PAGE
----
The proliferation of palm oil plantations throughout Southeast Asia has led not only to widespread deforestation but also to the proliferation of wildlife that destroy remaining forests, according to a new international study.
For more than two decades, scientists working in tropical forests in peninsular Malaysia have observed immense shifts in the tree community surrounding the plantations, which produce fruit rich in oil used in a wide range of food and cosmetic products.
“We knew that forest understory was dying, but we didn’t understand why,” said Matthew Luskin, lead author of the study that appeared this week in the journal Nature Communications. “Once we started looking outside the forest to the surrounding oil palm, the story became clear.”
Since forest animals like monkeys and pigs feed on the palm fruits, Luskin’s team focused on the impact of wild boars.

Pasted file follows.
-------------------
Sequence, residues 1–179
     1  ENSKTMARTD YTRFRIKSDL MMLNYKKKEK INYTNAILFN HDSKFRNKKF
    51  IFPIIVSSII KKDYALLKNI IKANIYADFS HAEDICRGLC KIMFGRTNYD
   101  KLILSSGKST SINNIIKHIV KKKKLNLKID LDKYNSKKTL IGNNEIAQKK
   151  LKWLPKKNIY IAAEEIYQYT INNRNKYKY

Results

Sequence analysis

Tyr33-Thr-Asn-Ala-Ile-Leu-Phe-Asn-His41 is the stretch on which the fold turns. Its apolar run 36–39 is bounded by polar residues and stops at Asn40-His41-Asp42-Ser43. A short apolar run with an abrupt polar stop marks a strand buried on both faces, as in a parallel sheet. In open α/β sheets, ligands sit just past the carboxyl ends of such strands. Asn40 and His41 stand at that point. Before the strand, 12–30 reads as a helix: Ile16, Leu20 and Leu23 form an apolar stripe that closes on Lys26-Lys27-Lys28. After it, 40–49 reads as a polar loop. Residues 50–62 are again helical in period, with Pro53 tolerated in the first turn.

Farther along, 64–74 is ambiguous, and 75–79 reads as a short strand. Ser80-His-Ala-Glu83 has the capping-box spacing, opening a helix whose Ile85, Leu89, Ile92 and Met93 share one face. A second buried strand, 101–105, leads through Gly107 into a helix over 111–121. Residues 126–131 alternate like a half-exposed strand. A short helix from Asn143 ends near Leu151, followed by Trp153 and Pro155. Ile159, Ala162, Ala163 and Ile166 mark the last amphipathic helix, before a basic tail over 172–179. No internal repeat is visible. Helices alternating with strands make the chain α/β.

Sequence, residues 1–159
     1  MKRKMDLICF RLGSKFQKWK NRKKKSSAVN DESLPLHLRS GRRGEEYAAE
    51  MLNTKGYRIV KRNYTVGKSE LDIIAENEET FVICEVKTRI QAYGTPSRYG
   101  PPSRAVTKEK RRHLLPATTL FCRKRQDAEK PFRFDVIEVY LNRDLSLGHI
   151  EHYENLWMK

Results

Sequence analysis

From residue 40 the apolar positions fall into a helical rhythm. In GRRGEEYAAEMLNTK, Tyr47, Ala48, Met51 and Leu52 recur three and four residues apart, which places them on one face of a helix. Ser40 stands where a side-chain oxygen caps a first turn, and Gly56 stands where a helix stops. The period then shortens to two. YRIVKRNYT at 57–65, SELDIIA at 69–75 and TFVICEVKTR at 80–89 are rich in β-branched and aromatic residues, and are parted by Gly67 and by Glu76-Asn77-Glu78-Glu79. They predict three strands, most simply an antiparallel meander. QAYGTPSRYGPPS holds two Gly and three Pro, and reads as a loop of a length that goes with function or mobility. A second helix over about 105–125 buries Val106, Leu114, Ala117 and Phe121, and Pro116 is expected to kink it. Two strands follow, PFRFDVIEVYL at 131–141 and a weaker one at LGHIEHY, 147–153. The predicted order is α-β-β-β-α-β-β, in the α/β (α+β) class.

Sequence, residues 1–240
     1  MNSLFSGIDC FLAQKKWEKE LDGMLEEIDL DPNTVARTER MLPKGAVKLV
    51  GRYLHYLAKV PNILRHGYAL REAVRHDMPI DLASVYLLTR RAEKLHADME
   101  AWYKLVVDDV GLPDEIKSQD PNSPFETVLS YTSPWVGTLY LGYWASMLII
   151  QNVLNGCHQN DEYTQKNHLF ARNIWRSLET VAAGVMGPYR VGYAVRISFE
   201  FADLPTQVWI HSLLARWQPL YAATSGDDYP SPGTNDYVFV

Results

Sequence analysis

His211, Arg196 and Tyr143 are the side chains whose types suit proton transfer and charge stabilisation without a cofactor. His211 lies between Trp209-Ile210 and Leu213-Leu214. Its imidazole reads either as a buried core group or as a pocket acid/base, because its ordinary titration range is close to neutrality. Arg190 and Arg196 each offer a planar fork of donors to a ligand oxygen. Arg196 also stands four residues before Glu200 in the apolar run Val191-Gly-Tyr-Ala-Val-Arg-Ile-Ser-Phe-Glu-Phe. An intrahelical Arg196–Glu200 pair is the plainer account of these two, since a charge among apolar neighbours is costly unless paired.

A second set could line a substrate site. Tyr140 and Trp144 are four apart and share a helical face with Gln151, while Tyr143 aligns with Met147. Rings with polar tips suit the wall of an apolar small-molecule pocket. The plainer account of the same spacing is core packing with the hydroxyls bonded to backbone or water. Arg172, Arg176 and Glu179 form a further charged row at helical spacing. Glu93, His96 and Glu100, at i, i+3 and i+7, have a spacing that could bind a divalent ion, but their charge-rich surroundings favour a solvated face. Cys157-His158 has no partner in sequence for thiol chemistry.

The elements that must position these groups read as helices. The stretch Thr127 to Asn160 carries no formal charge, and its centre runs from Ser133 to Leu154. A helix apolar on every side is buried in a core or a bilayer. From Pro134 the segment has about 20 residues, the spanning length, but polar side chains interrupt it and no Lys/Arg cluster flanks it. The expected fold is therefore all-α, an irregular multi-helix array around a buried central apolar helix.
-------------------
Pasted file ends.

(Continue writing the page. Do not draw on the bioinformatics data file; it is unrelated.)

The researchers found that the presence of oil palm fruit led to a 100-fold increase in the number of wild boars living in adjacent forests. These wild boars not only ate tree seeds but overturned soil for food and uprooted trees for nesting material, disrupting tree sapling density. By comparing forest areas that were fenced to exclude wild boars, Luskin and his collaborators found that wild boars reduced the number of small trees by over 50 percent, raising concerns about the future health of the forests.
“Even protected areas are not safe from oil palm,” said Luskin, who recently obtained his Ph.D. from the Department of Environmental Science, Policy and Management. He is now a research fellow with the Smithsonian Tropical Research Institute’s ForestGEO network, based at Nanyang Technological University in Singapore. His co-authors included ESPM professors Matthew D. Potts and Justin Brashares.
Source: UC Berkeley